Monday, September 13, 2010

RIP Bloglines. So is the feed next?

Bloglines is closing - at last.

It was a mercy killing. I started out with NetNewsWire on OS X, but Bloglines is what I remember -- starting in 2004. They were good then. When Reader first appeared in October 2005 Bloglines was clearly superior.

In 2006 Bloglies was acquired by, and they rolled out a nice constrained search feature.

That was the high water mark. After the acquisition Bloglines was put in the freezer, but Reader kept getting better. I started playing with Reader in late 2006, but I was still a Bloglines guy in July 2007. I did note, however, that the feeds were updating erratically.

That was a bad sign, but not as bad a sign as the failure to develop a mobile version of Bloglines. My iPhone made me switch to Reader for good in August of 2008. By September of 2008 there was no comparison - Google Reader was clearly better.

In retrospect Bloglines died in July 2007 -- more than three years ago. I assume kept it around while they looked for a buyer who'd sell it into the corporate marketplace. (I tried to persuade that this was a good idea). Maybe Bloglines had some secret revenue somehow.

Even though Bloglines was well past its due date, the formal expiration has produced the usual comments about the death of the Feed Reader. I am sure none of those commentators actually used Bloglines in the past year or two.

Even if we disregard the uninformed, however, it is true that Onfolio (Win), Omea Pro, and Newsgator Inbox all expired alongside Bloglines. They were done in by the combination of Outlook 2007 (abysmal reader - like OS X, but workflow is good) and Google Reader. On the other hand, iOS and Android have produced a new crop of very useful clients (albeit all Reader clients!) and OS X has Safari (fair) and NetNewsWire (still!).

Between Outlook 2007, Google Reader, and OS X/iOS/Android readers we're probably neutral to positive across the Feed Reader landscape over the past four years. What about use of feeds then? Google has some numbers ...
Official Google Reader Blog: A welcome and a look back 
... Since Reader's fifth anniversary is also approaching (though it feels like yesterday, Reader was launched on October 7, 2005), we thought it might be a good time to reflect on how Reader has grown over the past few years.... Here's a graph of Reader users over time (where 'user' is defined as someone who has used Reader at least once a week)...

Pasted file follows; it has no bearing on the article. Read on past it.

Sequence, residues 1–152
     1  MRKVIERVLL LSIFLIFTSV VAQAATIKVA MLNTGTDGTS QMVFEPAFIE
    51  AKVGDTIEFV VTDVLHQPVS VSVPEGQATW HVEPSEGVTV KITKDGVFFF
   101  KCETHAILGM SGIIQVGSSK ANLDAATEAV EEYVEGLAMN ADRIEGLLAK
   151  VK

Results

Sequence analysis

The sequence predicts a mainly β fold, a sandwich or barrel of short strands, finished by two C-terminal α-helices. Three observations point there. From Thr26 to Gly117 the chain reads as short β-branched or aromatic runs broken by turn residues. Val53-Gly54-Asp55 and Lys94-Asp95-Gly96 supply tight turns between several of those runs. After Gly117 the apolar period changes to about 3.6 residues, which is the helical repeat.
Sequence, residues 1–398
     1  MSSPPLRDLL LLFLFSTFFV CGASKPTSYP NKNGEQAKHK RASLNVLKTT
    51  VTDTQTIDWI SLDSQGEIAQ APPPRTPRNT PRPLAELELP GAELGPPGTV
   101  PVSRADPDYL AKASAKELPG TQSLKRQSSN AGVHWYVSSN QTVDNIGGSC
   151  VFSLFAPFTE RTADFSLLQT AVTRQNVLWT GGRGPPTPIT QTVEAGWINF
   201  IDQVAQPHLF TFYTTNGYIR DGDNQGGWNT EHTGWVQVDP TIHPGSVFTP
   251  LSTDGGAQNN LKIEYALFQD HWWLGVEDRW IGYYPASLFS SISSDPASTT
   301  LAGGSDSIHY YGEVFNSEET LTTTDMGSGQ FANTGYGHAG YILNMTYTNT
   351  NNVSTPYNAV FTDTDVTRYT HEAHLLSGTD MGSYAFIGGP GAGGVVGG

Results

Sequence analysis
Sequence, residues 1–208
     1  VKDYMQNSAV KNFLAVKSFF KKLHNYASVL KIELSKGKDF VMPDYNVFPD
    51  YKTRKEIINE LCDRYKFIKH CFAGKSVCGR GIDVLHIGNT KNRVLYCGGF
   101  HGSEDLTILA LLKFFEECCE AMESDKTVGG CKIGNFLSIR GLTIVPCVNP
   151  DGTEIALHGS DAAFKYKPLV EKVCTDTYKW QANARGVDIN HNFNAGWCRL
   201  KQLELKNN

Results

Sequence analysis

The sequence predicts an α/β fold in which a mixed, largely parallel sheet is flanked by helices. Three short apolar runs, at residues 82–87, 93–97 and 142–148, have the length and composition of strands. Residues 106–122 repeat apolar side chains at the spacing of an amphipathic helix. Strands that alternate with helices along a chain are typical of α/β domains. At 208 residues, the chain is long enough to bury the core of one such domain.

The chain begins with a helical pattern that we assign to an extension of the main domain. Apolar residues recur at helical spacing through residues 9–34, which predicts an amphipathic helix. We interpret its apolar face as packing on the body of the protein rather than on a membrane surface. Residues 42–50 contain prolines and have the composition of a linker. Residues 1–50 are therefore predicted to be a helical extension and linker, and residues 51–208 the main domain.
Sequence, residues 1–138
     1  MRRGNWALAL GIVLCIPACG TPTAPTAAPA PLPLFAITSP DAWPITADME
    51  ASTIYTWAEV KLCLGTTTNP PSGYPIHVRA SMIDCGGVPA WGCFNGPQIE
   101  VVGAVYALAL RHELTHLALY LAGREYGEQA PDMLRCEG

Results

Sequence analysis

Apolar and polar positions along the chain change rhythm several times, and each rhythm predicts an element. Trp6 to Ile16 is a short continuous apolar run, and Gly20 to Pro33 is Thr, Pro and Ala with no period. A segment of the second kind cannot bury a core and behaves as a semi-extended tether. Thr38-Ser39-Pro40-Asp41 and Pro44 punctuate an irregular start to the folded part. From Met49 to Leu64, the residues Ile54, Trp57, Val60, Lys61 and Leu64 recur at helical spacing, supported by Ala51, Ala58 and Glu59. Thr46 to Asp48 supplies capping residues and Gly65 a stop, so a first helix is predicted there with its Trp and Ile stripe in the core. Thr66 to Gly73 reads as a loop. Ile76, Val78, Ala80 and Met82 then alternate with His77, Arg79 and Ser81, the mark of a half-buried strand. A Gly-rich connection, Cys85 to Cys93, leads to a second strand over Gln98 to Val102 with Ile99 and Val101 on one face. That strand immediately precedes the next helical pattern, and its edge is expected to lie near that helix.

And as we found out this past April, Reader users sure do like to read lots of items. Here's another graph, this time of the number of items read per day...
The graphs would be more interesting if the y axis were (cough) labeled, but there's pretty respectable growth -- albeit with a 2010 plateau that's only now turned upwards again.

As a consumer of feeds I can report the quality remains excellent. Some of my favorite writers have slowed down, but many of them do return over time.  I particularly appreciate the combination of direct feeds and shared items from the Readers I follow. The Notes/Comments muckup makes my teeth ache, but Reader remains one of Google's best products.

Readers aren't for everyone (though they should be), but for infovores they are red hot data joy. It's a big world, and the infovore community is big enough, and geek-powerful enough, that feeds and readers have years to go.

After all, Google is clearly a fan.

1 comment:

Martin said...

I might read less content via feeds, however, I read more and more substantial and professional content and less and less of IT/geek/… junk.

Facebook, Twitter, … cannot replace RSS, there is simply too much noise and insufficient information.

Feeds are not dead and full text feeds in particular seem to be more common. Heavy reading, however, was never for everyone, most people seem to do just fine with news snippets and therefore don't need feeds, the notifications of their iPhone news app are enough.